A New Magazine Celebrates Socially Just, People-Driven Design
The biannual publication Deem showcases contributions by people of color in the design and maker space.
How do you name a design journal that focuses on process rather than output? This was the prompt that Deem founders Nu Goteh, Alice Grandoit, and Marquise Stillwell brought to journalists, academics, media makers, curators, and artists in a series of workshops last year. “We combed through 50 different names, and once we dived into different meanings behind ‘deem,’ the word landed itself on the publication’s topics,” explains Goteh, a designer and creative director based in Los Angeles.
This kind of considered, collective approach is at the very heart of the biannual magazine. Its first issue, subtitled “Designing for Dignity,” debuted this spring with an objective of cultivating a people-first platform for discussions of design, urbanism, and architecture. In particular, Deem focuses on the stories of makers of color—a group historically neglected by design media. According to Stillwell, being a BIPOC (Black, indigenous, and people of color) editorial team makes the group particularly aware of how current global issues affect communities on the local level.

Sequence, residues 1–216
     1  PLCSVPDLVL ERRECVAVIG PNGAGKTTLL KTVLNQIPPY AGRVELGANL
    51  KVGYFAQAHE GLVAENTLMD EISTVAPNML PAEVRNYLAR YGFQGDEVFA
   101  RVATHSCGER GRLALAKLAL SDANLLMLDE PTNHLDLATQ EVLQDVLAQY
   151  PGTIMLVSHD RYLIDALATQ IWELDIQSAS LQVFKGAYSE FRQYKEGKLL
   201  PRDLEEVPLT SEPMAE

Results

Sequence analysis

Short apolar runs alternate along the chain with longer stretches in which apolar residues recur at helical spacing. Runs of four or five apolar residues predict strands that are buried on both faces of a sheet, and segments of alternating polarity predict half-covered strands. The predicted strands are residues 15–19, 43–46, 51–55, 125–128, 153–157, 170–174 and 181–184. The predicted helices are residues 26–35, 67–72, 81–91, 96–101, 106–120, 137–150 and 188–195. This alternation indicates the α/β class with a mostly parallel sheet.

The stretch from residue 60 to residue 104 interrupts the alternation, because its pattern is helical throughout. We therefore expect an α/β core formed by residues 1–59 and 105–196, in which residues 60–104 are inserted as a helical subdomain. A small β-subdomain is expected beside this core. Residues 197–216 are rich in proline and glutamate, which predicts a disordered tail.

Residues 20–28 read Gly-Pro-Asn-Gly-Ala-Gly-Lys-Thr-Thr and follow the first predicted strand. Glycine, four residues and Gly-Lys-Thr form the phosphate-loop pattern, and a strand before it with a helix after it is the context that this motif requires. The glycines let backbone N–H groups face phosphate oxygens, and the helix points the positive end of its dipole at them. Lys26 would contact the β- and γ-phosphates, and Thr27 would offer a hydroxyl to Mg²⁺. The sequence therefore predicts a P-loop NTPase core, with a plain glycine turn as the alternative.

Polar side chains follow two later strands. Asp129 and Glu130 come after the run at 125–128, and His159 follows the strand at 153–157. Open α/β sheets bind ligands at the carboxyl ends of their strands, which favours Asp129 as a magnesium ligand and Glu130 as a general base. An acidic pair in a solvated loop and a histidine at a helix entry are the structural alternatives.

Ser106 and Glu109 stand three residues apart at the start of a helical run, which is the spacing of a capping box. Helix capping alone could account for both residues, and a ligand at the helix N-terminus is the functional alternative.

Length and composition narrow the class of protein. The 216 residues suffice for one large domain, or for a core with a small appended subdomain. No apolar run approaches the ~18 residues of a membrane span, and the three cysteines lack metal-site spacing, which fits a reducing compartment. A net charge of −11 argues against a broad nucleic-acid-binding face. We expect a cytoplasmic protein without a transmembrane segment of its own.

The idea for a the journal blossomed more than two years ago through a discussion between Stillwell and Goteh, who had met earlier during a conference at Parsons School of Design. Grandoit, whose media credentials include giving black trans activist and model Janet Mock her first cover on the now-folded feminist magazine Top Rank in 2015, later joined as the editor-in-chief, and by January last year, the team had kicked off work on the inaugural issue.
The first volume, themed “Designing for Dignity,” includes essays on Black-owned Oko Farms, low-cost sewage and sanitation systems in Karachi, Pakistan, and more. Launching amid an inequity-laden pandemic, and more recently, global calls for racial justice, Deem makes it clear that designing for dignity is indeed more urgent than ever.
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